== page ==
By Yvonne Sam
If, as a community, we are desirous of having our demands, for justice and accountability, to lead to real policy change, we need to build on that activism by electing public officials with the commitment to reform law enforcement and the courage to act, when police abuse the power of their badge. We must! We cannot, and should not, sit on our hands waiting for the provincial government to act.
In election years, most of the energy and focus goes to the top of the ticket, which is essential. However, we cannot ignore the fact that we have been through a spring and summer of traumatizing televised murders of Black people, while we are still learning the truth about the deeply-disappointing decisions, not to indict police officers, involved in shootings and killings. We need to make change at all levels, where those decisions are made. We must!
We must demand and only endorse candidates, who have demonstrable dedication to creating public safety solutions that reflect the values of fairness, justice, and equal treatment under the law. A “Stop Police Killings” slate should be instituted to bring attention and support to candidates for office, who understand the impact of police killings on communities of color, and who are passionate about pursuing justice.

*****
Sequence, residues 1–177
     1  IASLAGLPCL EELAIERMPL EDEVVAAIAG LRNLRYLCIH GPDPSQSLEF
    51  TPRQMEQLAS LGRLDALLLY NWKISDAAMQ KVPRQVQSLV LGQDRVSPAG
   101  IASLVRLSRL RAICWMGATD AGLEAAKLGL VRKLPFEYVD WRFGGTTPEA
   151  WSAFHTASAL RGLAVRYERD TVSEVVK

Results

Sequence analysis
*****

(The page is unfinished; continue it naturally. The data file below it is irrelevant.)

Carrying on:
Speaking from a politically correct perspective, police play a critical, but somewhat complicated, role in any free society. Public safety is promoted by police stopping and deterring crime and disorder, and by bringing criminals to justice. However, the very same powers that we give police to achieve these goals — the powers to command, search, detain, arrest and use force against members of the public — are also the ones that enable officers to undermine freedom.
Sometimes, in the name of public order and crime control, police cause individuals and communities substantial harm. In cases, where police meddle with liberty in ways that exceed the bounds of the law, not only do they harm people without legal justification, but, additionally, endanger the trust between the government and its citizens that is fundamental to a democratic society.
We have altered the public conversation about policing and justice by taking to the streets. Now, we must end police killings of unarmed civilians, and begin to rebuild trust, so that law enforcement is focused on doing the things necessary to keep all communities safe.
We must strive towards changing the laws and policies that are standing in the way of justice, by taking the fight to the halls of power. That is exactly what elections are for — a process of detection and ultimate selection.
Yvonne Sam, a retired Head Nurse and Secondary School Teacher, is the Chair of the Rights and Freedom Committee at the Black Community Resource Centre. A regular columnist for over two decades with the Montreal Community Contact, her insightful and incursive articles on topics ranging from politics, human rights and immigration, to education and parenting have also appeared in the Huffington Post, Montreal Gazette, XPressbogg and Guyanese OnLine. She is also the recipient of the Governor General of Canada Caring Canadian Citizen Award.